Well, I'm at the end of my first full week with Hospice. I really like the job and going into peoples homes isn't as bad as I thought it may be. I have done three admissions this week all with another nurse of course.. but with the last admit I was to give the "sales pitch" by myself. I was so nervous about it I left out some important info. and the other nurse had to fill in my gaps. Also there is a large amount of paper work involved. I spent about 1 1/2 hours in the home an about 2 1/2 hours on the paperwork. This seemed a bit long to me???
    Any suggestions???
    Lynn
    Hospice admissions are LONG, no question and no getting around it. Hopefully you work for an agency that acknowledges this fact and actually plans for it. My only suggestion is to keep on keeping on. It takes about 6 months before you will really feel like you know what you are doing in the field most of the time. It takes about a year before you feel like you can handle most things that might come up. I personally feel that no nurse new to hospice should be doing admissions. Unfortunately, most agencies do not have provision for admission teams or admission specific nurses and so they just get spread around. Just remember that you will get better, and faster as you gain experience with the assessments, with the software, and with the overall documentation. 4 hours is about average though.
    HospiceNurseRN likes this.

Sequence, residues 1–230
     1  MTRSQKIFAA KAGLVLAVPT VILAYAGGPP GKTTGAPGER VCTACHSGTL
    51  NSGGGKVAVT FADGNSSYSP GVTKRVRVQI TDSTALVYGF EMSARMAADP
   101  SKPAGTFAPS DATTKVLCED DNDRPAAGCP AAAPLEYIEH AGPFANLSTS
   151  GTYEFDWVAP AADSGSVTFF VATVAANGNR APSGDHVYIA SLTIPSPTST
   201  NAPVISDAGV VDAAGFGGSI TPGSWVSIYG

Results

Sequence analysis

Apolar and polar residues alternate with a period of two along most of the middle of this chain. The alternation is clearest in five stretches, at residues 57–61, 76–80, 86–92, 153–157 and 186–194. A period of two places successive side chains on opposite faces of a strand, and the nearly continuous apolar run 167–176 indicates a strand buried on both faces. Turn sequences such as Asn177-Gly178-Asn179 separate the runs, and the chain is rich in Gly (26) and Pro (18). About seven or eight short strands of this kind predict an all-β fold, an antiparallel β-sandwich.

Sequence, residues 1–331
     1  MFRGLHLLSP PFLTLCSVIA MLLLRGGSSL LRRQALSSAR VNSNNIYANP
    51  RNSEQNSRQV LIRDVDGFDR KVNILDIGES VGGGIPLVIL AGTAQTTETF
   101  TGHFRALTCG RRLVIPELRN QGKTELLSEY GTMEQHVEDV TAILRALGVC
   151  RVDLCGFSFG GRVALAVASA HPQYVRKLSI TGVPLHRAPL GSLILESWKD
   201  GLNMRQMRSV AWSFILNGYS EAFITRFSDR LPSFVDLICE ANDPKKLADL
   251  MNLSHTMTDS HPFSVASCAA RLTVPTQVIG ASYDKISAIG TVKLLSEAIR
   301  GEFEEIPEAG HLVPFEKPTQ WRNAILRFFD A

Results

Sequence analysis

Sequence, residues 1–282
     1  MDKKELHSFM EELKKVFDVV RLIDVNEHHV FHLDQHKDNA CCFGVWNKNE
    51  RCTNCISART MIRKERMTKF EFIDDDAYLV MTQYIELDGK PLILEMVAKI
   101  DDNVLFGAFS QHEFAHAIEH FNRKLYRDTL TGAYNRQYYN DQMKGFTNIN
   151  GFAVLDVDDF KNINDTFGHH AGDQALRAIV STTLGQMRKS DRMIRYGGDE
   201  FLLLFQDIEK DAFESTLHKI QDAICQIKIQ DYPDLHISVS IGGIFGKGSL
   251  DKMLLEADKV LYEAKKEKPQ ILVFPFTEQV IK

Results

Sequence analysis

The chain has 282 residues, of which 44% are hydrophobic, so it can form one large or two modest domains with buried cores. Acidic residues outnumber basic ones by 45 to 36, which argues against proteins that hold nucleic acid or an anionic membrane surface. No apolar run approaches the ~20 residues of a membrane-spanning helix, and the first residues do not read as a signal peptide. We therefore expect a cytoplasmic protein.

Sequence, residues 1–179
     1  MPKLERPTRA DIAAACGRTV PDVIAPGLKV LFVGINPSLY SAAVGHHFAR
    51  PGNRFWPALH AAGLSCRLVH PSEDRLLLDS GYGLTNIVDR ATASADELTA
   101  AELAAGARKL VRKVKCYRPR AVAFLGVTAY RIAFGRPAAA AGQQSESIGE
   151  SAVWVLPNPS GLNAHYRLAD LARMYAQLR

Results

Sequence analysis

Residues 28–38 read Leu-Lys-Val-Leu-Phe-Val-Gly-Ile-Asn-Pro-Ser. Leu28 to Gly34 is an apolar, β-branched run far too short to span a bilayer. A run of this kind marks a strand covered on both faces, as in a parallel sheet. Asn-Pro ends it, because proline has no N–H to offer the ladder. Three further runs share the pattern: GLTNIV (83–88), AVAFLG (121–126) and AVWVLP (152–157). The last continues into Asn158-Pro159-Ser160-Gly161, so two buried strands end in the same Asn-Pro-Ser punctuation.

8. 1
    It is helpful when going to do an admission, first pull out all the paperwork that will need to be signed by family and set that out to one side with a paperclip. If you have a folder that you will be giving to family, put all the packets for their information on one side (stuff for them to read later including your end of life book). I only go through legals and do the careplan with the family, then do the physical assessment while in the home, and go over the 24/7 coverage by the hospice team... As long as patient is stable, I can usually do this within an hour. I tear off any copies that they have signed and put them in the other side of the patient folder. give them stickers for their phone. As for their medications, I tell them I will bring a copy of their medication list on the follow up visit (that way I have a chance to put the meds in the eho system and print out an MAR and mark WHAT IS COVERED based on their diagnosis). The second visit is usually 1-1.5 hours to reinforce hospice services and a nursing physical assessment.

    The last two admissions I have completed, i've been suprised as the families thought medicare/medicaid would provide nurses 24/7. I reinforce that we have an inpatient unit for patients in rapid decline, or for respite...

    as for working at an inpatient unit. I LOVE our inpatient unit, and I still work there PRN during the week. I work the weekend on call for our homecare hospice patients and I love the flexibility. If I didn't do the weekend job, I would like to work full time at the inpatient unit, because you do your shift and you are done. Thirdly I would work in the field monday through friday, there is alot of driving and you have a caseload of 12-14...

    linda
    Last edit by AtlantaRN on Aug 11, '09 : Reason: to add information
    Itshamrtym likes this.